Photo taken from http://www.flickr.com/photos/pasukaru76/4143908124/

AUTHORED BY:
h

Experienced International SEO Consultant -service that she provides through her company Orainti- and a Moz Associate. She’s a frequent SEO speaker at international conferences & blogger.
  • http://www.barryadams.co.uk/ Barry Adams

    Superb post Aleyda, solid stuff. A few questions: as I understand it, setting geotargeting in Google Webmaster Tools overrides any geolocation associated with the website’s host IP address. Is that still true?

    Also, I hear a lot of mixed signals about the use of the hreflang attribute, with some saying it’s pretty messy. You would still recommend implementing it?

    • http://www.aleydasolis.com/ Aleyda Solis

      Hello Barry, Thank you for your compliment and comment :)

      About your questions:

      -Yes, Google Webmaster Tools geolocation should “override” the Website IP address location, the IP address is a “default” signal you provide but the geolocation setting “actively” informs you want to target a specific country. Nonetheless, unfortunately this is still far from being a perfect solution, for example have had situations like a .com.mx ccTLD targeting Mexico also geolocalized to Mexico in GWT but with a Spanish IP, that ended up ranking in Spain in some cases. So at the end of the day if there is the possibility to also have the local IP I would do it to make sure all of the signals are consistently telling search engines the relevant geographic market I want to target.

      -I also agree with hreflang being a very, very messy “fix”, not a real, scalable solution for big sites. For example, I have seen situations of a site with 27 language versions where they had the 27 link alternate tag with hreflang indicating its other versions… and it surely doesn’t look good. I would say that If it is simple to implement within your system and you can still have a clean HTML head in a situation when these “extra signals” could be more important (same language for different countries) then do it, otherwise it’s far better to concentrate in the other signals (ccTLDs, IP’s and GWT setting).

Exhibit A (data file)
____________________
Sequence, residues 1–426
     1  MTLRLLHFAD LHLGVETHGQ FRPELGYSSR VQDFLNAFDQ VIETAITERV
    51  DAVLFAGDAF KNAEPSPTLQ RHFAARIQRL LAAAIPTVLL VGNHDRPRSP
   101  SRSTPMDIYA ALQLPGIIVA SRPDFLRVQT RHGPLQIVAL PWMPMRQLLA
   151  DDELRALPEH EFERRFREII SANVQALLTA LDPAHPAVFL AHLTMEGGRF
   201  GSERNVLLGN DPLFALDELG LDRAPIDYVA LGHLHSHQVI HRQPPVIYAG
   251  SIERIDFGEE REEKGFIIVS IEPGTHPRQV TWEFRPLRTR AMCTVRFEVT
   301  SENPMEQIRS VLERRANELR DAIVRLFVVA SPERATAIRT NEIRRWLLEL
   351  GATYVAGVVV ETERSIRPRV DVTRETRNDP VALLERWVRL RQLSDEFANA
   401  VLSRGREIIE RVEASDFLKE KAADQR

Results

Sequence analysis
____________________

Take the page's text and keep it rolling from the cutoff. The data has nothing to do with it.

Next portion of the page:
• http://www.aleydasolis.com/ Aleyda Solis

      Hello again Barry, I think Google heard us with  http://googlewebmastercentral.blogspot.com.es/2012/05/multilingual-and-multinational-site.html. It has just launched the ability to specify hreflang through sitemaps! Much cleaner and scalable option. I will definitely test it :) 

      • http://www.barryadams.co.uk/ Barry Adams

        See, that proves it, Google reads State of Search. :)

  • Bastian

    great post, welcome to SoS :)

    Barry: Jep, Google does use the GEO setting in GWT as the ultimate signal. doesn’t matter what you do “around” (in terms of hoting, ip, links from other countries, etc.)

    • http://www.aleydasolis.com/ Aleyda Solis

      Hello Bastian, Thank you! I’m very happy to be here :)

      As I commented to Barry before, GWT geolocalization settings should provide the “preferred” signal since is the one you “actively” give, nonetheless unfortunately I have seen situations where it hasn’t had the expected geolocalization effect and that’s why it never hurts if you have the possibility to also have a local IP and ccTLD in order to give all the “consistent” signals you can. 

  • http://twitter.com/anilopez Ani Lopez

    Great post Aleyda!

    My 2 cents: “Spanish content targeting Mexico located in yourbrand.com/es-mx/ can end up ranking in Google.es instead of the yourbrand.com/es-es/” that is correct but it always happens even if you use different ccTLDs. Unavoidably you always have a certain amount of traffic coming from countries (with the same language) you are not targeting. For Spanish speaking countries it can be around 20%

    The real problem lately is somebody at Google stepped into a cable and screwed up Latin American locations completely. Already reported that to JohnMu weeks ago but they haven’t fixed it yet

    I agree with what you are saying, Google’s rel-alternate-hreflang link elements are something small sites can adopt, not without some headaches to implement it in their CMSs but for large sites targeting many languages let’s say more than 5, it is the ultimate nightmare. The effort/benefit ratio makes it a waste of resources.